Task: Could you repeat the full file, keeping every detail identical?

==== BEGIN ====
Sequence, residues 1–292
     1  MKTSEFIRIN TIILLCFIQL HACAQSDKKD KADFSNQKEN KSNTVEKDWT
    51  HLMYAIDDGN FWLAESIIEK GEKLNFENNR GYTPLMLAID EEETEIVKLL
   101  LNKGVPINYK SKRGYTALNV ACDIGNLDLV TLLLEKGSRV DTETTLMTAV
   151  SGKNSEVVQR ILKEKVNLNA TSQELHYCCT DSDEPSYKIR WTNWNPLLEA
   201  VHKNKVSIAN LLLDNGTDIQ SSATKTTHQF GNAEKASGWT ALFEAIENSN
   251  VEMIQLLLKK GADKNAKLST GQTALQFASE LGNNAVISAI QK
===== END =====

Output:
Sequence, residues 1–292
     1  MKTSEFIRIN TIILLCFIQL HACAQSDKKD KADFSNQKEN KSNTVEKDWT
    51  HLMYAIDDGN FWLAESIIEK GEKLNFENNR GYTPLMLAID EEETEIVKLL
   101  LNKGVPINYK SKRGYTALNV ACDIGNLDLV TLLLEKGSRV DTETTLMTAV
   151  SGKNSEVVQR ILKEKVNLNA TSQELHYCCT DSDEPSYKIR WTNWNPLLEA
   201  VHKNKVSIAN LLLDNGTDIQ SSATKTTHQF GNAEKASGWT ALFEAIENSN
   251  VEMIQLLLKK GADKNAKLST GQTALQFASE LGNNAVISAI QK